The assimilation of World War I veterans back to civilian life didn’t go well. With so many men flooding the labor market, many couldn’t make ends meet, even with help from government programs.
Congress stepped in and passed the Bonus Act of 1924, which promised veterans a bonus based on number of days served. But it wouldn’t be paid until 1945, almost 20 years later, much too late to help countless struggling veterans.
The government didn’t capitulate, though, and President Herbert Hoover sent the Army to get them out, a move which pitted soldier against veteran. The confrontation would be an integral turning point in the crusade for veteran’s rights.
The GI Bill is born
He started preparing for the veterans’ return well in advance of the end of the war. Congress tossed around various ideas, but they limited benefits to veterans who met specific criteria such as income.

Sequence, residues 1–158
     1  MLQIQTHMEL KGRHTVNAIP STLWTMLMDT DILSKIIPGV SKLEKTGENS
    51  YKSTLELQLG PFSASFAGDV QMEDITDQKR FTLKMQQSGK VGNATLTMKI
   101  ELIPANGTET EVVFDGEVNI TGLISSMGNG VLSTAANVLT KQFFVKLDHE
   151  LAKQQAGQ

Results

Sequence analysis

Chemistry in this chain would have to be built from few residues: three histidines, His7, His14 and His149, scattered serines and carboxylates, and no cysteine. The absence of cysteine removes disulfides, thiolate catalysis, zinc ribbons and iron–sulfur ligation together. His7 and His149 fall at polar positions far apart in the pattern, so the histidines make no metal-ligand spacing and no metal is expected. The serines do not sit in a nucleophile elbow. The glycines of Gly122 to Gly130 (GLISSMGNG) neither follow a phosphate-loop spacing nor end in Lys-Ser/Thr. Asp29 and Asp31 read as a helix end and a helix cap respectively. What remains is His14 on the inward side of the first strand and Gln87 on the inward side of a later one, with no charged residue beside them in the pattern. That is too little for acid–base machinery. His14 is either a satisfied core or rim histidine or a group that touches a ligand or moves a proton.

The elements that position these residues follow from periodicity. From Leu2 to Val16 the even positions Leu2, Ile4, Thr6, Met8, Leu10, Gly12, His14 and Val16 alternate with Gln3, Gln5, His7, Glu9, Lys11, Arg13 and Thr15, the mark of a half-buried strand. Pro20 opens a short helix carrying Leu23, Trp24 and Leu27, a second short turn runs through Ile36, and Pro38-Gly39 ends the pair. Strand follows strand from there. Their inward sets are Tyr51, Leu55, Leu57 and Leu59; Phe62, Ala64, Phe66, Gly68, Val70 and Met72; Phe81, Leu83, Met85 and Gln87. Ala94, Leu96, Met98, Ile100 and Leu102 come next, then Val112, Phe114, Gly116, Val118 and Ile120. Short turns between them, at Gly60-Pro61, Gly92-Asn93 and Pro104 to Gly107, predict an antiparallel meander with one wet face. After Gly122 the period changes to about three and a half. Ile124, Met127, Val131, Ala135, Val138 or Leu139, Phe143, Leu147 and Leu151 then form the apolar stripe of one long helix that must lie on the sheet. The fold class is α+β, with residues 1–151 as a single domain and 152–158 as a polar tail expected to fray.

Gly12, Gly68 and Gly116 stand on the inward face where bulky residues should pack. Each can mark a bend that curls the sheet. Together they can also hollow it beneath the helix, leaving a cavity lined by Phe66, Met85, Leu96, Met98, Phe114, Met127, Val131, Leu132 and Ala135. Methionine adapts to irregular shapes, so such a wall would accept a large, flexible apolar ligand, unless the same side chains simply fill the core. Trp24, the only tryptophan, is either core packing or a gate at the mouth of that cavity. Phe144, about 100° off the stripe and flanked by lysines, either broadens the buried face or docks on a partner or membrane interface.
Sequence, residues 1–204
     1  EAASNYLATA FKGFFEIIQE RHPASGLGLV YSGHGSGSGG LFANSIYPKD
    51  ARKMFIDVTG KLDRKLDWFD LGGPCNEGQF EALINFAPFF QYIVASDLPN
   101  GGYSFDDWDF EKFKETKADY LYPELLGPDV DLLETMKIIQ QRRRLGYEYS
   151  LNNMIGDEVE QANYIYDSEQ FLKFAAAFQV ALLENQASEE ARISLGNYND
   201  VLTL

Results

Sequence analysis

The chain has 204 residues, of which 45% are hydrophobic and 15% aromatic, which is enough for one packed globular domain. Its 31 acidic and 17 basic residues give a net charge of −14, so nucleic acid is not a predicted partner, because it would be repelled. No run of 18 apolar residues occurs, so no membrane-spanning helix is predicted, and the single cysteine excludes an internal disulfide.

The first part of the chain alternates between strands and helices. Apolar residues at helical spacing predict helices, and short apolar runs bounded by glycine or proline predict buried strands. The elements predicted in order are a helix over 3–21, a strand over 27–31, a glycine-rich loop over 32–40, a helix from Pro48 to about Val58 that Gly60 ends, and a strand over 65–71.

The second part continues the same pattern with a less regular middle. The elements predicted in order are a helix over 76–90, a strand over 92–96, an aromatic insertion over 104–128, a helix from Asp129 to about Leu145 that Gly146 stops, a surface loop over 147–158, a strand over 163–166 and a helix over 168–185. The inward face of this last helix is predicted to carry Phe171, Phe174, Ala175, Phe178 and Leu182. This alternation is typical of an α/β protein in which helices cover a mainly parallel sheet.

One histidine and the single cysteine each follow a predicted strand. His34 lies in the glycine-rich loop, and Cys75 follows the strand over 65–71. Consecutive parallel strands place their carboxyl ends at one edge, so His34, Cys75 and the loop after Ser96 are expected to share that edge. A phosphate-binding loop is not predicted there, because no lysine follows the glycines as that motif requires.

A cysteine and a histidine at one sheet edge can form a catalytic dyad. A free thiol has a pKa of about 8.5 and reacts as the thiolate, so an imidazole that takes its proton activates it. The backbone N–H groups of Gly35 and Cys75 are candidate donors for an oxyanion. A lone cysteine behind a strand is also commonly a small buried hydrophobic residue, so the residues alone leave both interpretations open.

It was former American Legion National Commander and Republican National Chairman, Harry W. Colmery, who proposed extending benefits to all World War II veterans, male or female. His proposal became the first draft of the GI Bill.
The bill went to Congress in January 1944 as the war still raged along the European and Pacific fronts. It was hotly debated in both Congressional houses but finally approved in mid-June. President Roosevelt signed the GI Bill into law on June 22, 1944.
GI Bill Benefits
The GI Bill gave World War II servicemen and servicewoman many options and benefits. Those who wished to continue their education in college or vocation school could do so tuition-free up to $500 while also receiving a cost of living stipend.
As a result, almost 49 percent of college admissions in 1947 were veterans. The GI Bill opened the door of higher education to the working class in a way never done before.
The bill provided a $20 weekly unemployment benefit for up to one year for veterans looking for work. Job counseling was also available.